Cricket Cherpin will be eighteen in a few months, and as far as he can figure, his only options for the future will be dealing drugs or fighting competitively. Having lived in a group home for orphans for the last eight years, his only "family" are a bunch of nuns and a passel of younger orphans. As far as Cricket is concerned, his life sucks.
Tormented by a bully in his small school, Cricket vows to protect the Little Ones he considers to be his responsibility. Using his fists to fight against his tormentor earns him suspensions and a bad reputation with the principal. Mother Mary tries to encourage better behavior because she truly cares about him, but Cricket's bleak outlook on life doesn't allow him to see how much he means to her.
Cricket finds escape in creating and telling stories to the younger boys. They live for this story time and hang on his every word. When he is not entertaining the little ones, he hangs out with the group home Caretaker who offers tips on fighting and is the one who suggests a career in the fight business might be Cricket's only future option.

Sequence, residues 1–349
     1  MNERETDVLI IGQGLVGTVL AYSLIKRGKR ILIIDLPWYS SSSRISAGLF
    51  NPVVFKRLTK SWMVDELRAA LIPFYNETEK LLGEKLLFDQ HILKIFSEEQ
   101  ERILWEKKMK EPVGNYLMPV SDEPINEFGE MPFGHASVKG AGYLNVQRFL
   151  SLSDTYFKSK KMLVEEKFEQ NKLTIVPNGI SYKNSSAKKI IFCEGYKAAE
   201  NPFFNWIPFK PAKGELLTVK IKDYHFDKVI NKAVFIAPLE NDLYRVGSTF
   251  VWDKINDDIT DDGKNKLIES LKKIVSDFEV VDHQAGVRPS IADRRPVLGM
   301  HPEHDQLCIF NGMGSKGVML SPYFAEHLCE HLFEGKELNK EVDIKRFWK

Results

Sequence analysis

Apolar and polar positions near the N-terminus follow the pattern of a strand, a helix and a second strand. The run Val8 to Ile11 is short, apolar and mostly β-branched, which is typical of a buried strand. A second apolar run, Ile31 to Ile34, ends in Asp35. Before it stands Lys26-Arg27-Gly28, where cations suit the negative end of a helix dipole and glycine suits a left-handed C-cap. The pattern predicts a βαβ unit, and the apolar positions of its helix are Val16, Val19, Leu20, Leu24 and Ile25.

A letter writing assignment in English class opens up a conversation with a teacher who believes in Cricket and thinks he has opportunities available to him if he is willing to take the chance. Her comments surprise Cricket and get him thinking about the possibility of life after the group home.
DEAR LIFE, YOU SUCK by Scott Blagden offers readers an in-your-face view of life from a teen who is not afraid to tell it like it is. Cricket will amuse, offend, and touch readers as they travel with him through life on the dark side.
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